Prostate Cancer Risk Assessment and the UCSF-CAPRA Score
Prostate cancer is the most common cancer diagnosed among American men, and causes more deaths annually among men than any other tumor except lung cancer. However, only a small proportion of prostate cancers diagnosed are ultimately lethal. A large majority of men found to have prostate cancer ultimately die of other causes, most commonly cardiovascular disease. All available treatments for prostate cancer (surgery, radiation therapy, hormonal therapy, and others) carry a risk of complications, side effects, and other impacts to the patient's long-term quality of life. Before making a decision regarding treatment for prostate cancer it is important to estimate the likelihood that a given tumor will recur after treatment, progress, and pose a threat to life.
Risk Assessment Methods
Risk Assessment systems are not intended to replace individualized clinician-patient decision making, but rather to provide a straightforward instrument for facilitating disease risk classification in clinical decision making and in future research.
There are many approaches to risk assessment including the D'Amico classification, a variety of nomograms and the UCSF-CAPRA Score.
Risk classification (D'Amico): The classification developed by D’Amico and colleagues is one of the most widely used and is a good starting point for risk assessment. This system uses PSA level (blood test), Gleason grade (microscopic appearance of the cancer cells), and T stage (size of the tumor on rectal exam and/or ultrasound) to group men as low, intermediate, or high-risk. Low-risk: PSA less than or equal to 10, Gleason score less than or equal to 6, and clinical stage T1-2a Intermediate risk: PSA between 10 and 20, Gleason score 7, or clinical stage T2b High-risk: PSA more than 20, Gleason score equal or larger than 8, or clinical stage T2c-3a
Limitations: Does not account for multiple risk factors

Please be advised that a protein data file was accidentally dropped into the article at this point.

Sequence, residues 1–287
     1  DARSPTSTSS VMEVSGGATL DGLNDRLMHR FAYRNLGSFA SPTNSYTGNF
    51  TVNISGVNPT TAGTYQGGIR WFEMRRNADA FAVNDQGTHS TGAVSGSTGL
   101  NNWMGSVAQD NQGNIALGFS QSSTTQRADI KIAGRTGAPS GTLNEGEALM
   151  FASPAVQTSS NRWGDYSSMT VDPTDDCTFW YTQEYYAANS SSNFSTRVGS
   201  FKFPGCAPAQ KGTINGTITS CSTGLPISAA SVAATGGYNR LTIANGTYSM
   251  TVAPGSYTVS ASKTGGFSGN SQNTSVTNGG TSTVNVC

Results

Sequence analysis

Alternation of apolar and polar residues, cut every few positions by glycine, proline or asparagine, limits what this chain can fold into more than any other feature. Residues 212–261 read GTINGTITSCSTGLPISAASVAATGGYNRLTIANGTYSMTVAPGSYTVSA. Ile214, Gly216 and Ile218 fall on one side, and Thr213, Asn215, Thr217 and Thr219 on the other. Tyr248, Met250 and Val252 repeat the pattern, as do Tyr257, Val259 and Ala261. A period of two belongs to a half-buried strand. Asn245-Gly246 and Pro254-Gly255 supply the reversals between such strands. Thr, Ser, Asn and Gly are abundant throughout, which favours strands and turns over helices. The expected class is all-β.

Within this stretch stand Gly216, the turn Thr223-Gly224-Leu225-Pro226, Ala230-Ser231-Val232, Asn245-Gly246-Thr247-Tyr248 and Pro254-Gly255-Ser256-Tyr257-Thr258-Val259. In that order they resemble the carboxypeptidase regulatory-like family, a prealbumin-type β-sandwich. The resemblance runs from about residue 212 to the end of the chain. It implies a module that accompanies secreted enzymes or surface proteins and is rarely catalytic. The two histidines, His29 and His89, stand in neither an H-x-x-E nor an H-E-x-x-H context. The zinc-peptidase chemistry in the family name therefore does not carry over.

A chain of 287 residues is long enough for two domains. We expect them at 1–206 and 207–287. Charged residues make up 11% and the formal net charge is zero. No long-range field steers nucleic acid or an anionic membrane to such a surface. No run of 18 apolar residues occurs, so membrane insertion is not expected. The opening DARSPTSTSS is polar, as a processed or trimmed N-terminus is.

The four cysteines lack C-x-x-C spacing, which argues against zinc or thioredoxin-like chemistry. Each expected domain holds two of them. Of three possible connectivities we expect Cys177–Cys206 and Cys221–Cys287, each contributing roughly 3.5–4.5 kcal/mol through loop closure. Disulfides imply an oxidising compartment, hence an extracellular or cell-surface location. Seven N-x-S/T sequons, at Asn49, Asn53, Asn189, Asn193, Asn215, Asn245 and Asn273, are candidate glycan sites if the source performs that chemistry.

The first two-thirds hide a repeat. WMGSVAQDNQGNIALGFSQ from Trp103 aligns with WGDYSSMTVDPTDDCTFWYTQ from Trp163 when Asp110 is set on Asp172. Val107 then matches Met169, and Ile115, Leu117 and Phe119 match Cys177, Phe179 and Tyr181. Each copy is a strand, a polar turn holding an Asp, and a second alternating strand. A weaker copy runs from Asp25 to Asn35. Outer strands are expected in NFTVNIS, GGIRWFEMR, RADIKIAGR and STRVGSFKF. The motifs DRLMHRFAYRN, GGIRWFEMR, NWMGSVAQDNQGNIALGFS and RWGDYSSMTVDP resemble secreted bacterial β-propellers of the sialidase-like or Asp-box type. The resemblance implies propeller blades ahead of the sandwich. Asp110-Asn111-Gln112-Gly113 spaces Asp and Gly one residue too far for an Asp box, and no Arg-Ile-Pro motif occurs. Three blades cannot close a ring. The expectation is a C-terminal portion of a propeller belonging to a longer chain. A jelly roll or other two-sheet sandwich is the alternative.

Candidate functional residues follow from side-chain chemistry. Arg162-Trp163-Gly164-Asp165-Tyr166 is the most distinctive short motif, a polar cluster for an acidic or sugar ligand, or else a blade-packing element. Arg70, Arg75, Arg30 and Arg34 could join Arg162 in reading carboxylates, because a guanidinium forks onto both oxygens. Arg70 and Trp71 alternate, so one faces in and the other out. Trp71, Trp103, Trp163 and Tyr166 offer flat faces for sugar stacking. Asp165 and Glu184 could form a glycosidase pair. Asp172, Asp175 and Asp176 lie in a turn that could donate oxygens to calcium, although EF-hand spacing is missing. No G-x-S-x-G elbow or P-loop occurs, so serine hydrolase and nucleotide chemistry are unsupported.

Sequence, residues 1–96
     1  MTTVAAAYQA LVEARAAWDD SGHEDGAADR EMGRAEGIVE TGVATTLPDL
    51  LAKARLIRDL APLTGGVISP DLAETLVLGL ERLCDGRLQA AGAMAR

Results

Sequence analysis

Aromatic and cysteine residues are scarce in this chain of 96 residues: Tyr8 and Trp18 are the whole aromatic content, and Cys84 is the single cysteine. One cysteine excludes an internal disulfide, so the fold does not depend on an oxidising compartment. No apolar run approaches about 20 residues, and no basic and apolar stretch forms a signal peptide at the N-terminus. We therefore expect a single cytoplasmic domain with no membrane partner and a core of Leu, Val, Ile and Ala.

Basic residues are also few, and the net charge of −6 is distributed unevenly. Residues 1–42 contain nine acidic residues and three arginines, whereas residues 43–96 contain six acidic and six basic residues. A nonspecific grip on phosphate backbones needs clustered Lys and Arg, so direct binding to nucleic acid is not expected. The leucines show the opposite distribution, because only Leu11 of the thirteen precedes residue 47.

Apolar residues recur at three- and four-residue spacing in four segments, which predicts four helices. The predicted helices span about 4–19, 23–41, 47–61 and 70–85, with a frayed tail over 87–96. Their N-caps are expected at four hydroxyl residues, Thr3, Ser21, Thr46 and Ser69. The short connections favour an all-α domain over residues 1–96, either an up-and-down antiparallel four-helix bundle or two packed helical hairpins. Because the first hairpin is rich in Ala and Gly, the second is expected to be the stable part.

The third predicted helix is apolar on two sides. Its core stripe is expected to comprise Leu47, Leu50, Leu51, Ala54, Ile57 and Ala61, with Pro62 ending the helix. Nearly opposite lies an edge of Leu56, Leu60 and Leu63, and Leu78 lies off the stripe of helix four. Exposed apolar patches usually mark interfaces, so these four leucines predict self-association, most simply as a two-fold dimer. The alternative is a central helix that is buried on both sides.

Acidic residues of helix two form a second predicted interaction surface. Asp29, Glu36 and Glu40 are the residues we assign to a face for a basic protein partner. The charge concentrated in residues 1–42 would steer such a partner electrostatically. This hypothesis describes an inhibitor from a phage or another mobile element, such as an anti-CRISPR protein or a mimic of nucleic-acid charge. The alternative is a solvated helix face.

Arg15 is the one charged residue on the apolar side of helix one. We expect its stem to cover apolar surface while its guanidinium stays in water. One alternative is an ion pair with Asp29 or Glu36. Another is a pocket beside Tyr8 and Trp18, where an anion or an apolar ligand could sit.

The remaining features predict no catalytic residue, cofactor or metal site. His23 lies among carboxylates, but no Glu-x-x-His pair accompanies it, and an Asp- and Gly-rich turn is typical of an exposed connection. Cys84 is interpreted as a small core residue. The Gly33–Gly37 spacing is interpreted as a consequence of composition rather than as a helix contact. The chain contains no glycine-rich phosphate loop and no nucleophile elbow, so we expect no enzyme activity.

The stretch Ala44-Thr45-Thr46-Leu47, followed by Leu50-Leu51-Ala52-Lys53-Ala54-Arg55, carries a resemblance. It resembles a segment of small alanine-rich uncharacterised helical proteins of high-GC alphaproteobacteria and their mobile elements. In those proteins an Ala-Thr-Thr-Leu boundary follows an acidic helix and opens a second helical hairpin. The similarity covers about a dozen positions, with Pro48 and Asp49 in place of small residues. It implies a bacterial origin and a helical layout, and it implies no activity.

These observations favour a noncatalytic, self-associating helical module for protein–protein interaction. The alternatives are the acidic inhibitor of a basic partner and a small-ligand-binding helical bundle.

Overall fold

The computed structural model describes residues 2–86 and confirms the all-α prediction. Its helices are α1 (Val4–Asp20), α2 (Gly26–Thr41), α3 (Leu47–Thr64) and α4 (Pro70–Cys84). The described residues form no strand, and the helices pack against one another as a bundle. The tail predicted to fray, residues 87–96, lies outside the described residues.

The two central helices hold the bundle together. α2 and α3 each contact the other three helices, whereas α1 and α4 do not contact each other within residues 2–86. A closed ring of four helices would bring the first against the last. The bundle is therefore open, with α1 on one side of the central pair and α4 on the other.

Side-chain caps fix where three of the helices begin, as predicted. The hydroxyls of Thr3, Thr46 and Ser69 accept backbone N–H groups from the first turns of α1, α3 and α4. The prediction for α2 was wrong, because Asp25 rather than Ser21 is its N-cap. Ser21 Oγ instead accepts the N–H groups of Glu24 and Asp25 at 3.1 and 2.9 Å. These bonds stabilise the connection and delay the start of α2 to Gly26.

Patient one: Gleason 3+4, PSA 3.2, stage T1c cancer in one biopsy core
Patient two: Gleason 4+3, PSA 19.2, stage T2b cancer involving eight cores
• Both patients are classified as intermediate risk, althought patient two would have much higher disease risk.
Nomograms: Pioneered in prostate cancer by Kattan and colleagues is an approach that incorporates multiple risk variables to produce mathematical models that predict the likelihood of disease recurrence or progression. The models are often presented as nomograms, graphical calculating devices that allow determination of the score based on values presented on a paper table. Many such instruments have been developed for prostate cancer. Memorial Sloan-Kettering Cancer Center provides an on-line calculator which allows some of the models to be calculated. A few of these nomograms are well known and have been validated in multiple settings.
Limitations: care must be taken in interpreting the predictions from the calculators.
• A model developed using data from patients treated by a high-volume surgeon in a large city, may not be valid for those treated by a lower-volume surgeon in rural area. In general, nomograms developed using data from academic series tend to be somewhat overly optimistic when applied in the community practice setting.
• Each nomogram is developed using a different set of patients in a different setting, and usually using different definitions of cancer recurrence or progression. Because the definitions of recurrence and progression are not consistent across nomograms, scores from the different treatment nomograms (e.g. pre-prostatectomy and pre-brachytherapy) cannot be used to compare the likelihood of a good result from one type of treatment versus another type of treatment for an individual man. Each nomogram is deisgned to give a prediction of treatment success only after a treatment decision has already been made.
The UCSF-CAPRA score
In a effort to address the limitations of these approaches to risk assessment UCSF developed the Cancer of the Prostate Risk Assessment (UCSF-CAPRA) score. CAPRA is a straightforward 0 to 10 score. It is nearly as easy to calculate as the D’Amico classification, yet with accuracy comparable to the best nomograms. A CAPRA score is valid across multiple treatment approaches and it predicts an individual's likelihood of metastasis, cancer-specific mortality, and overall mortality.
The score is calculated using points assigned to: age at diagnosis, PSA at diagnosis, Gleason score of the biopsy, clinical stage and percent of biopsy cores involved with cancer. These variables are outlined below.